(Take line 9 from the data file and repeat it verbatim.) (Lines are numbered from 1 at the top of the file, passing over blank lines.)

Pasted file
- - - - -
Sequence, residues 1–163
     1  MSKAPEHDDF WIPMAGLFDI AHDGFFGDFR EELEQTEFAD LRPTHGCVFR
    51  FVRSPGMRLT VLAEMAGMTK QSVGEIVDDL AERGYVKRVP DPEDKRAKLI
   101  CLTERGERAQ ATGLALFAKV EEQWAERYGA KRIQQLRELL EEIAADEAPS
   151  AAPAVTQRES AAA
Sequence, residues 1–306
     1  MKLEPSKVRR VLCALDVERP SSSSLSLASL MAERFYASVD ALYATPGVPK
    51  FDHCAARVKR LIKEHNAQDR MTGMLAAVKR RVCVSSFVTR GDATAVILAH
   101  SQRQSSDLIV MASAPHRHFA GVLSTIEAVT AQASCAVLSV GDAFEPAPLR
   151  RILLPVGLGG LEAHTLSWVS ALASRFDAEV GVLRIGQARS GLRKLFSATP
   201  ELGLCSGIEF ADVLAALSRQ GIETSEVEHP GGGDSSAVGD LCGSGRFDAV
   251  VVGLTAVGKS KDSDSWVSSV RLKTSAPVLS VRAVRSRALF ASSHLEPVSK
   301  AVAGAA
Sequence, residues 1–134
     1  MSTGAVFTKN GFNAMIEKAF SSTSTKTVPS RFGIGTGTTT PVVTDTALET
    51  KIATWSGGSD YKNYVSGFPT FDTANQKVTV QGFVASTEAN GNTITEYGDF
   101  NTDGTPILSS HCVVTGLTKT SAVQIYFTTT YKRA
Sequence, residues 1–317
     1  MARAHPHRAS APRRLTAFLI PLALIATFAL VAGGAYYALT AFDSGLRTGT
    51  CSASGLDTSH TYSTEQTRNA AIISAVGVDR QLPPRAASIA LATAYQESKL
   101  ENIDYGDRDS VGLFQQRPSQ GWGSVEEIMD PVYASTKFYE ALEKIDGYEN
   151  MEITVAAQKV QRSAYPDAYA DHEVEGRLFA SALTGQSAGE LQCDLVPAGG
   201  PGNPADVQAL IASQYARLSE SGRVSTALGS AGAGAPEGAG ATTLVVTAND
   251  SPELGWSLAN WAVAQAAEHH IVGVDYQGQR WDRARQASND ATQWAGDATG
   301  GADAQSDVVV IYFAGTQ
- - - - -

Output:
   101  SQRQSSDLIV MASAPHRHFA GVLSTIEAVT AQASCAVLSV GDAFEPAPLR